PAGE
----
Fed's Bullard `Concerned' About Funding for New Consumer Protection Bureau

Federal Reserve Bank of St. Louis President James Bullard said the funding level for the Consumer Financial Protection Bureau to be housed within the Fed appears arbitrary and not necessarily suited to the agency’s needs.

“The amount of money allocated in the law is not based on any careful assessment of what the needs of the bureau will be as it attempts to fulfill the mandate of the Congress with regard to consumer protection,” Bullard said today at a conference at the St. Louis Fed. “Nor is there any mechanism for changing these amounts going forward.”

President Barack Obama signed into law in July a 2,300-page overhaul of financial regulation that gives the government authority to unwind failing financial firms, imposes new rules on derivatives markets and creates a consumer-protection agency in the Fed to monitor loans and services.

The agency is to be funded and housed within the central bank with an independent leader. Obama has named Harvard law professor Elizabeth Warren an adviser to help shape the new consumer agency.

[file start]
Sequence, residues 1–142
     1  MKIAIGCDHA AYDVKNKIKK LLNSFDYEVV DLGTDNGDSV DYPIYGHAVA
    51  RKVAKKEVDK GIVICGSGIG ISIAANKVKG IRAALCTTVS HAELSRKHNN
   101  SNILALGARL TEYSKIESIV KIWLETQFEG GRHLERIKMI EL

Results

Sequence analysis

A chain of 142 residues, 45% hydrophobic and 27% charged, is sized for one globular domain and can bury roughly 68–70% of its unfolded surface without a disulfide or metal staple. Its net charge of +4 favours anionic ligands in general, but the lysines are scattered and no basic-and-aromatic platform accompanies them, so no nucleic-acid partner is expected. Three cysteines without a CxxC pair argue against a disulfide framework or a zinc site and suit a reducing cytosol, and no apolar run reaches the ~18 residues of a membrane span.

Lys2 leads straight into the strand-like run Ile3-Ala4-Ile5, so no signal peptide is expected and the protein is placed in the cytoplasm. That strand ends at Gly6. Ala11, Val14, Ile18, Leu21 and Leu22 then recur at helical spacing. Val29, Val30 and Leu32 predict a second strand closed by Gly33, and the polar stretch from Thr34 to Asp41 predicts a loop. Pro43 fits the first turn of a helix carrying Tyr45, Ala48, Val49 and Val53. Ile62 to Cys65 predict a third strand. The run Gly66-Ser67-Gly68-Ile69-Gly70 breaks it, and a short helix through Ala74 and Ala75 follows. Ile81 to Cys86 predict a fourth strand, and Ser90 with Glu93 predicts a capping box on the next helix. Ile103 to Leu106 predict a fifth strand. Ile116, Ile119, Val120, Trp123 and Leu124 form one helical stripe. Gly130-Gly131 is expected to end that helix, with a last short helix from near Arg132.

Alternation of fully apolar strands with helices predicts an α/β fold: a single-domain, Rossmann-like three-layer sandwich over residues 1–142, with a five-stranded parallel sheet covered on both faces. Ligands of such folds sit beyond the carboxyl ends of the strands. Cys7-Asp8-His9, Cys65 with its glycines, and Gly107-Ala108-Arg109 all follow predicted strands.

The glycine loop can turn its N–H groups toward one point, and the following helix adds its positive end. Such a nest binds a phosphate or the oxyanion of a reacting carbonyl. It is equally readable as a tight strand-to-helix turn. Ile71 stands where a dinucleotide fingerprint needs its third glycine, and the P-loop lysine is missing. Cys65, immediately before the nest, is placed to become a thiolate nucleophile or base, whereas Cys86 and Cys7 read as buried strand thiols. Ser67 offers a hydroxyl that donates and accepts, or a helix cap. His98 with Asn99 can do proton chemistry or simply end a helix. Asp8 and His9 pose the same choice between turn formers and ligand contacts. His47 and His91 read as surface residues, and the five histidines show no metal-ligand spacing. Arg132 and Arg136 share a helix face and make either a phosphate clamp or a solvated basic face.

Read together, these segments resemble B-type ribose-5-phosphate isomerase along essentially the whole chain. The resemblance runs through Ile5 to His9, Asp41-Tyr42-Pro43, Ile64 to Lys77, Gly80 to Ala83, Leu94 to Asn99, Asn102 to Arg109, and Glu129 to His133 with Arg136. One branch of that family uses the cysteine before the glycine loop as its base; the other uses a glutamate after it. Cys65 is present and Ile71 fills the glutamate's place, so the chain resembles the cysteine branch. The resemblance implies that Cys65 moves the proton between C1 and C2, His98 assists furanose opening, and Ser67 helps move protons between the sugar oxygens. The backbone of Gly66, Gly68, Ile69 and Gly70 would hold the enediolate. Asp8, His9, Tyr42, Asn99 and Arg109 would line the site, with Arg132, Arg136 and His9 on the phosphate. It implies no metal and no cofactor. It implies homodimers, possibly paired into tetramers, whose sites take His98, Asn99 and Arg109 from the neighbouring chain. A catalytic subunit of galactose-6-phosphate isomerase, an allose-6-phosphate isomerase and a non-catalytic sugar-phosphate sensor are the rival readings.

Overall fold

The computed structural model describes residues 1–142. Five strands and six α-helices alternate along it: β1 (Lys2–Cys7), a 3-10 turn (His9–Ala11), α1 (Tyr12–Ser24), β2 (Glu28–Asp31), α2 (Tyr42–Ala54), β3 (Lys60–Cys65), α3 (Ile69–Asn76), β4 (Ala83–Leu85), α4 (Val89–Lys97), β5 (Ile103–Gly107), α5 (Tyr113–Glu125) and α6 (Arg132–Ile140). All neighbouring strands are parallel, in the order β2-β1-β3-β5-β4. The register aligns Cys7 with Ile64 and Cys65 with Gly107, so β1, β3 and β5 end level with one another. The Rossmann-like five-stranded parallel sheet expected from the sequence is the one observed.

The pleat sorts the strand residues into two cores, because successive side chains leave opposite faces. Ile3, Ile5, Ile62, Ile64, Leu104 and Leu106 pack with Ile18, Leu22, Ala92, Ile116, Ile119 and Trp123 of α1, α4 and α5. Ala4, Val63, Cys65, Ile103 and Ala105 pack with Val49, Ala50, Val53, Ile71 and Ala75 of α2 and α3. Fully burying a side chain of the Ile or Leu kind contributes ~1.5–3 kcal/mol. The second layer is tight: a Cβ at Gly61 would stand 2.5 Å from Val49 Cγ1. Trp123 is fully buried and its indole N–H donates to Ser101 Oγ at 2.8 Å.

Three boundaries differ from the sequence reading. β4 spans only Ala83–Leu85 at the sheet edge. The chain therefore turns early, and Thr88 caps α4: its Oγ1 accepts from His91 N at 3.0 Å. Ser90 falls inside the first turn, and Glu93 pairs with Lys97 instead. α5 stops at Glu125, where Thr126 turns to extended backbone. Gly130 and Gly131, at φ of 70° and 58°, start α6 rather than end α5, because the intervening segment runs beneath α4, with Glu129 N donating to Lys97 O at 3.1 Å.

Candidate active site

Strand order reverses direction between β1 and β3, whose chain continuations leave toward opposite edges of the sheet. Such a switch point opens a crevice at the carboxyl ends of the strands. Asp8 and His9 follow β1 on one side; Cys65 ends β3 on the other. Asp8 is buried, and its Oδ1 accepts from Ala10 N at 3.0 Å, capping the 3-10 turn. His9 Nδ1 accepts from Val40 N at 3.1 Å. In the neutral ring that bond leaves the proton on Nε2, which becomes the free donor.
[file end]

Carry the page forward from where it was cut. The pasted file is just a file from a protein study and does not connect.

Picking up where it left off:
“The Fed’s only engagement with this independent bureau is to fund it,” Bullard said, according to a press release by the district bank. “The law requires that the equivalent of 10 percent of Federal Reserve System expenses be transferred to the CFPB in 2011, 11 percent in 2012, and 12 percent in 2013, where it will stay fixed in perpetuity.”

“I am concerned about this method of funding for the bureau,” he said.

The law aims to prevent a repeat of an economic collapse that led to the failures of Lehman Brothers Holdings Inc. and Washington Mutual Inc. and a $700 billion bailout for companies including Citigroup Inc.

Bullard didn’t comment on the economic outlook or monetary policy in his remarks.

To contact the reporters on this story: Steve Matthews in Atlanta at smatthews@bloomberg.net;

To contact the editor responsible for this story: Chris Wellisz at cwellisz@bloomberg.net

Press spacebar to pause and continue. Press esc to stop.

Bloomberg reserves the right to remove comments but is under no obligation to do so, or to explain individual moderation decisions.

Please enable JavaScript to view the comments powered by Disqus.